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Thursday, October 06, 2011

Harry Reid destroys decades of Senate tradition to spare Obama & Dems from embarrassment [update: Over tractor dust!]

Our constitutional democracy is premised on the assumption that with each national election every other year, we re-tally the desires and opinions of voters. The results re-determine the composition of the entire House of Representatives and one-third of the Senate with each election. And each such Congress is new and distinct, and it is given a unique number to identify it through history. Because no Congress can bind the hands of any future Congress (unless it goes through the intentionally cumbersome process of amending the Constitution, which will require supermajority votes in Congress and the active concurrence of three-fourths of the states' legislatures), each such new Congress is free to amend or re-write entirely the rules by which the respective chambers operate.

In consistent practice going back nearly to the ratification of the Constitution, however, those rules are not casually amended in the United States Senate. And if they are amended at all, they are, traditionally, amended only at the start of a new Congress — not in the midst of one.

Among the U.S. Senate's most hallowed original traditions — one of the characteristics, indeed, of the Senate that most distinguished its operations and temperature from the House of Representatives — was the tradition of unlimited debate. It stood intact from the first convocation of the Senate until 1917, when the Democratic Senate majority of the newly convened 65th Congress passed the cloture rule, Senate Rule XXII, through which filibusters could be forcibly ended by the vote of two-thirds of all senators "present and voting." Rule XXII was left essentially unchanged, and no more radical change in the nature of the Senate was accomplished until 1975, when a newly elected Democratic majority in the Senate changed the cloture requirement to three-fifths of all senators "duly chosen and sworn." This meant a filibuster could be ended with 61 votes (assuming no vacancies in the Senate, and regardless of how many were on the floor to vote) instead of potentially requiring 67 votes (assuming all 100 senators were on the floor and voting).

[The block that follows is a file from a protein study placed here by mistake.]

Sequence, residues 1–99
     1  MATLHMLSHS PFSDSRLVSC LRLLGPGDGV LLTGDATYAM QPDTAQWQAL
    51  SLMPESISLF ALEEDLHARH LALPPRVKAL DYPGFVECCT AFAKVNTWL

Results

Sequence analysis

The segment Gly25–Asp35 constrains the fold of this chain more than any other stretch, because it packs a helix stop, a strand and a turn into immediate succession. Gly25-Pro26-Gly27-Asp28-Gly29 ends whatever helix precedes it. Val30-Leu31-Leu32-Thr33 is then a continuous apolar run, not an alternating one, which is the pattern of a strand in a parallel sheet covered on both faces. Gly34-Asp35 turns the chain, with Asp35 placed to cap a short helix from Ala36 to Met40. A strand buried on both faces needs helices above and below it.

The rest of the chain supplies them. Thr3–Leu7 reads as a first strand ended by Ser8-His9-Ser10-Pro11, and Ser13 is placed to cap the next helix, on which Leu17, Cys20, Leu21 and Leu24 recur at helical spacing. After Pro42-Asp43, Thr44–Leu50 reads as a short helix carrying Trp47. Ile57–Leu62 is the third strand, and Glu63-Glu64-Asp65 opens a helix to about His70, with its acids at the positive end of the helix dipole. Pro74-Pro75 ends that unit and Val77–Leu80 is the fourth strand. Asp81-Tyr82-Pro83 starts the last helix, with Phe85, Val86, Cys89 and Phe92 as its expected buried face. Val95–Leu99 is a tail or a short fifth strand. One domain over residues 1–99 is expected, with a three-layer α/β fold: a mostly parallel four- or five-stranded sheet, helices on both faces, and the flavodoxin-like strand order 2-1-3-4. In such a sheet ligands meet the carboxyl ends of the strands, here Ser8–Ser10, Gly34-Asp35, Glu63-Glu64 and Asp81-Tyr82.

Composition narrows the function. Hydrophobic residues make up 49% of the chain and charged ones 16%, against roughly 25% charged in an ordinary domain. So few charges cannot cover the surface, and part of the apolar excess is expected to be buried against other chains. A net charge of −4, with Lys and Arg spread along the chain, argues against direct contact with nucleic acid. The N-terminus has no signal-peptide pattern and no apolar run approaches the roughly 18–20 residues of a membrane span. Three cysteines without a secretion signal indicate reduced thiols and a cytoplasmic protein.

Frustrated by their inability to get Bush-43 judicial nominees an up-or-down vote against Democratic opposition in the Senate, Republicans proposed a mid-Congress interpretation of Rule XXII in 2004-2005 that would exempt from its scope, by ruling of the chair (confirmed by a bare majority vote of the Senate), all votes on judicial nominations. This proposal, called the "constitutional option" by its proponents (which included me) and the "nuclear option" by its opponents (which included Harry Reid), would have effectively ended filibusters altogether for judicial nominees, who would be guaranteed an up-of-down vote so that the Senate could perform its constitutional advice-and-consent function; it would not have affected filibusters on legislation or other votes. Democrats, however, went ballistic. The resulting debate ended with the infamous "Gang of 14 compromise" on a series of pending nominees. (Basically John McCain and a handful of other Republicans got snookered — again, and as usual — by trusting Democratic counterparts who insisted they were acting in good faith and could be relied upon.)


But even when cloture is invoked, and a filibuster is thereby ended, Rule XXII, as it's existed since 1917, doesn't provide for an immediate vote. Rather, Rule XXII, as accurately summarized in a helpful glossary on the Senate website, "limit[s] consideration of a pending matter to 30 additional hours." Indeed, Rule XXII specifies precisely what may and may not be done during those 30 additional hours. And until today, those 30 additional hours have included an opportunity for the side that's lost the cloture vote to engage in one last organized effort to make its political points — to the nation, and in theory to anyone from the opposing camp who's willing to reconsider.